Employment Cases Update

Awan v ICTS UK Ltd [2018] UKEAT 0087/18/2311

Date published: 23/01/2019

Appeal against the dismissal of the Claimant's claim that dismissal while he was entitled to long-term disability benefits was unfair and was also an act of unlawful discrimination because of something arising from his disability. Appeal allowed and remitted to a fresh Tribunal.

The Claimant was dismissed for incapability after being absent for a long period of time. At the time he was dismissed he was in receipt of long-term disability benefits which would stop if his employment came to an end. It was common ground that at all material times the Claimant was a disabled person for the purposes of the Equality Act 2010. Further, it was common ground that the Claimant was dismissed for a reason relating to capability and that his dismissal was because of something arising from his disability. The questions for the ET were whether it was fair and/or a proportionate means of achieving a legitimate aim for an employer to dismiss an employee by reason of permanent incapability at a time when an entitlement to long-term disability benefits (whether or not underpinned by an insurance policy) had accrued or was accruing. The ET held that it was both fair and proportionate to do so, having rejected the Claimant's case that there was an implied term in his contract of employment restricting his employer's power to dismiss in those circumstances. The Claimant appealed.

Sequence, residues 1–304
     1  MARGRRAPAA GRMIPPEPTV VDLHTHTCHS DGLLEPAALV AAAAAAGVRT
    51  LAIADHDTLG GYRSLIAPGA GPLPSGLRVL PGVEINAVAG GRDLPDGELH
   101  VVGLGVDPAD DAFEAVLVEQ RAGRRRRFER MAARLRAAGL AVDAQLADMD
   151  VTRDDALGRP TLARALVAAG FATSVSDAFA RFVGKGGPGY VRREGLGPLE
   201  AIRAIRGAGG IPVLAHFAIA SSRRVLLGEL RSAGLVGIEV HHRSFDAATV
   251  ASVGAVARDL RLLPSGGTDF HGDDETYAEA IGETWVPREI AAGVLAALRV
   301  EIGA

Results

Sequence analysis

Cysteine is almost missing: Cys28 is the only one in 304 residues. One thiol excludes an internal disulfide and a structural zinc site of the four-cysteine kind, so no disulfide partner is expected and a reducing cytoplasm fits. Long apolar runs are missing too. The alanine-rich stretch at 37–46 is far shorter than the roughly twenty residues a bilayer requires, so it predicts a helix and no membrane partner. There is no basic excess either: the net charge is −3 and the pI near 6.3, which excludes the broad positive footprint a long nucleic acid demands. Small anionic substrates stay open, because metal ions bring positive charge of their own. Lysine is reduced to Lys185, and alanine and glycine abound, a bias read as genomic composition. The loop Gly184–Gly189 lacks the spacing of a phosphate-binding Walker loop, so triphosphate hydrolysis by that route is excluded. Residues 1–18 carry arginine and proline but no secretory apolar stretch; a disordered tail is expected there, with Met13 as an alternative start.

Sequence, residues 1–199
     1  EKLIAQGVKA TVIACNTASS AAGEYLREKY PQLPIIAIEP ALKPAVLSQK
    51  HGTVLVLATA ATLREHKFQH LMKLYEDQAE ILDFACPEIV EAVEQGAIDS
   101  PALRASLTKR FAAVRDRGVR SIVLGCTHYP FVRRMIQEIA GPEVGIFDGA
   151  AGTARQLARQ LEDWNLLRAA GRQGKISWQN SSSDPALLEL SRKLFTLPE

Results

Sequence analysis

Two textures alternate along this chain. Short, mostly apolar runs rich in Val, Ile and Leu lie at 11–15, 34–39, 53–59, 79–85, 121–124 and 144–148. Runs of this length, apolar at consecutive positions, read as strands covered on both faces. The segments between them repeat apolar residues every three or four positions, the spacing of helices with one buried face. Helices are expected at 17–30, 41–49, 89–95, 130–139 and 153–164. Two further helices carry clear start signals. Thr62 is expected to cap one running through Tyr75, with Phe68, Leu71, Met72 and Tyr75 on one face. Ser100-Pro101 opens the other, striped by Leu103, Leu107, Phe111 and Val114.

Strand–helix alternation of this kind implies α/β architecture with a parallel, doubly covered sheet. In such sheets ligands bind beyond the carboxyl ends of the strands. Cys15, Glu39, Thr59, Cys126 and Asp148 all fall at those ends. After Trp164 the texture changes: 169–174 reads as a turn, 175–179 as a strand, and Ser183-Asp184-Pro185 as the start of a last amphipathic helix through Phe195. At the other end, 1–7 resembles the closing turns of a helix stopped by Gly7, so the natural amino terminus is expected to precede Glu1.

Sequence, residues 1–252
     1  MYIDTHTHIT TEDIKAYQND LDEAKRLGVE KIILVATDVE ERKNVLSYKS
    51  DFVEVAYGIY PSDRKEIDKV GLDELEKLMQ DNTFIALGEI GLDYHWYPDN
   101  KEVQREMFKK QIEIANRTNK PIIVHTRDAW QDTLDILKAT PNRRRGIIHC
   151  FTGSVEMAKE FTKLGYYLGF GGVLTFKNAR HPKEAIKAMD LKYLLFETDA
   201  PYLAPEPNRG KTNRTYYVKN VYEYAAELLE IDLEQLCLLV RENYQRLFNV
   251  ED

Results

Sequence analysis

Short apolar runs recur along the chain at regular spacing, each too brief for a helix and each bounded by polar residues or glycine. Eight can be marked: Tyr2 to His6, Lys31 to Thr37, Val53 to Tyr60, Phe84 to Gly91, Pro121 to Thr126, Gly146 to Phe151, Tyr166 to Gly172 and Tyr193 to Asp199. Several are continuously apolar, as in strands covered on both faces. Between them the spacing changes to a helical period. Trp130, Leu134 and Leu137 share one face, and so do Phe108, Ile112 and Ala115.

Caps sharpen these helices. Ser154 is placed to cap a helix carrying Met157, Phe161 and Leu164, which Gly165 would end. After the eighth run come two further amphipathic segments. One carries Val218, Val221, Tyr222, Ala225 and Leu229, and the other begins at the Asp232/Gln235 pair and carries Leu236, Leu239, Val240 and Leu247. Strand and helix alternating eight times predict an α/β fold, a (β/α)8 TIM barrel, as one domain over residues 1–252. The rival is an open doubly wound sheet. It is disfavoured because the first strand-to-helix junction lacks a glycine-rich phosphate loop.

The EAT allowed the appeal. They said:

... on a proper construction of the contract, it is contrary to the functioning of the long-term disability plan, and to its purpose, to permit the Respondent to exercise the contractual power to dismiss so as to deny the Claimant the very benefits which the scheme envisages will be paid.  ... a term can be implied whether on the officious bystander or the business efficacy tests of implied contractual incorporation that "once the employee has become entitled to payment of disability income due under the long-term disability plan, the employer will not dismiss him on the grounds of his continuing incapacity to work."  That term is capable of clear expression, reasonable in the particular circumstances and operates to limit (rather than contradict) the express contractual right to terminate on notice by preventing the exercise of that right in circumstances where it would frustrate altogether the entitlement to long term disability benefits expressly provided for by the contract.

Read the full text of the judgment on Bailii